Kansas City, Mo. Kansas City public school officials have proposed a plan that would close 13 schools as the district struggles with costs and declining enrollment.
The Board of Education is expected to agree on a final plan and budget by the end of June. A public hearing is scheduled for June 15.
Under the plan, unveiled Thursday, seven elementary schools would merge with other schools while two eighth-grade centers would be phased out.
Two previously closed schools being used as temporary sites would close again.
The district’s alternative K-8 program would move to another site, and a training school for Montessori teachers would close.
The district would shrink from 64 schools to 51. It would potentially save $4 million to $5 million.
The plan came out of two hours of budget discussions Thursday, the last of three meetings grappling with an expected 16 percent loss of revenue, from $274 million to $230 million.
“It’s been a very difficult year,” said board member Arthur Benson II. “We’ve asked a lot of critical questions. … We’re not where we want to be, but change is palpable. Once you get a taste of better schools, the desire for more feeds on itself.”
Besides closing schools, the district plans to cut about 300 teaching positions, more than 50 building administrators and 20 central-office jobs. While attrition is expected to take care of most of the cuts, layoffs are possible.
The district also is reducing pre-kindergarten programs.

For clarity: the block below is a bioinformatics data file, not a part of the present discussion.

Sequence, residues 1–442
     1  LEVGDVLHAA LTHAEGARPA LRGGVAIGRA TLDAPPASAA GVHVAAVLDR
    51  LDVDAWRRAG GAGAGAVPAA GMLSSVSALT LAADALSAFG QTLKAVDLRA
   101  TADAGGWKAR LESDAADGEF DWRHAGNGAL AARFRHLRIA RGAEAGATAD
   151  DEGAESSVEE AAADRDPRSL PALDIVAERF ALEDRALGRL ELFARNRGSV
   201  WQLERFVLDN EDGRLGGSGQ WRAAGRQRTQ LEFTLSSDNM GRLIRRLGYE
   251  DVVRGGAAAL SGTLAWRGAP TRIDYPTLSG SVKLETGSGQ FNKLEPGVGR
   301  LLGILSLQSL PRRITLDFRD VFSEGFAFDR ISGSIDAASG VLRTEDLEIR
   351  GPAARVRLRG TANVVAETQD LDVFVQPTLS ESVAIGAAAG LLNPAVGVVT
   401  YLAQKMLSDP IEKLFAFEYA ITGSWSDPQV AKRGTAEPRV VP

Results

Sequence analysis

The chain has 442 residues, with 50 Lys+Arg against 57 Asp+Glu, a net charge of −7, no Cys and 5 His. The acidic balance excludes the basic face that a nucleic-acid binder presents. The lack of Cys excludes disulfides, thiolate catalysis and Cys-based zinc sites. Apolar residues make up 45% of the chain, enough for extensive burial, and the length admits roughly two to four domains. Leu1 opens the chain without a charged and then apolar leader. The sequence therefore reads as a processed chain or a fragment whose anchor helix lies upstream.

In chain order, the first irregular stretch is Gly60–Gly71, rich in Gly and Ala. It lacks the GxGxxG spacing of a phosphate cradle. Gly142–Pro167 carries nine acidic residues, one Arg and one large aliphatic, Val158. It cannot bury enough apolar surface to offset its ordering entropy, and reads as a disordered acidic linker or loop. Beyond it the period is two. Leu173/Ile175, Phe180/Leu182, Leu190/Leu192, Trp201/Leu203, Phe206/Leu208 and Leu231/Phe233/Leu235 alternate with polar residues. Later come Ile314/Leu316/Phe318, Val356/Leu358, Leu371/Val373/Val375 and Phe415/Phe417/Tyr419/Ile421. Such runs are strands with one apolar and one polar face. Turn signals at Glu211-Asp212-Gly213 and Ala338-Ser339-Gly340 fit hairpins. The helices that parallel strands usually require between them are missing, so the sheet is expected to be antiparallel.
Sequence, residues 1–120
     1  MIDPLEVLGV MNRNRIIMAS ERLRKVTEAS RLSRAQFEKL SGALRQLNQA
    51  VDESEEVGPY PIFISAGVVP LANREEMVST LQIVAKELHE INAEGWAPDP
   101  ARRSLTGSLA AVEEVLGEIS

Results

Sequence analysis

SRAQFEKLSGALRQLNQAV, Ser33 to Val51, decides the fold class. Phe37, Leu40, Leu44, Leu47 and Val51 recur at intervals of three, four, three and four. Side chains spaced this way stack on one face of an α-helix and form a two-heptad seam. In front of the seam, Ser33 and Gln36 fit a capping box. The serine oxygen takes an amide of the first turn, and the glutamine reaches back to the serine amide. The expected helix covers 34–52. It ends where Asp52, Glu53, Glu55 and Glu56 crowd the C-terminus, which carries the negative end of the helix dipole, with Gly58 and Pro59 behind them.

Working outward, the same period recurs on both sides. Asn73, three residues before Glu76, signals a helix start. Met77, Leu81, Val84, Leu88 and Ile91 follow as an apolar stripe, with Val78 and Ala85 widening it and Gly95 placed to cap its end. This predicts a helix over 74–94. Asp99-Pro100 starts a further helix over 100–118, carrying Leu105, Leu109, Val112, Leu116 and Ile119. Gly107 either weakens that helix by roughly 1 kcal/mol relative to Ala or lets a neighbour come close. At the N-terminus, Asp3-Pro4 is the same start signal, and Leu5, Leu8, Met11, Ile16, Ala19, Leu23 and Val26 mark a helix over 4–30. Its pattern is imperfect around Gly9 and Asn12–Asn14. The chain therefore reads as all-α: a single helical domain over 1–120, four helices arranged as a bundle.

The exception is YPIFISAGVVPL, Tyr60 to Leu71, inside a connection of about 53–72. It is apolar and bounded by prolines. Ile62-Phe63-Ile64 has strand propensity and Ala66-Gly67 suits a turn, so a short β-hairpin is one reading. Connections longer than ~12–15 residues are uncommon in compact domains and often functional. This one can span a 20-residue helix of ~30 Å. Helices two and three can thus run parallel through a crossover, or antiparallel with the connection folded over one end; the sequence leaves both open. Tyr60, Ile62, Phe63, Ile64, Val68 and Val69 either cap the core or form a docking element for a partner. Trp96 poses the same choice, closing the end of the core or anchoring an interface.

Kansas City’s district has elementary schools that face state sanctions, as well as buildings without air conditioning or needing other major repairs.
Officials said they want to send students in closed schools to nearby schools and to consolidate seventh- and eighth-grade classes that have too few students.
They’re also trying to fix problems created when a conversion to K-8 schools drew enrollment away from a middle school that feeds a fine arts and performing arts academy.
The plan doesn’t change any school district boundaries or propose changes to middle or high schools.
The district has closed, sold or knocked down more than 35 buildings since the late 1960s, when enrollment peaked at around 75,000. Next year, enrollment is expected to fall again from 18,178 to less than 17,000.
Many buildings this year were less than half full.
Competing charter schools enrolled almost 8,000 students last year and are expected to increase that in the fall.
Parent Yvonne Boyd, who chairs the District Advisory Committee, said she was sure the school closing plan would be modified but thought it had a chance of passing.
“It’s a balancing thing,” she said. “I think there is something to work with here. The bottom line is: I’m hoping parents will believe the district is here to teach their kids with the best possible education. We have to make changes.”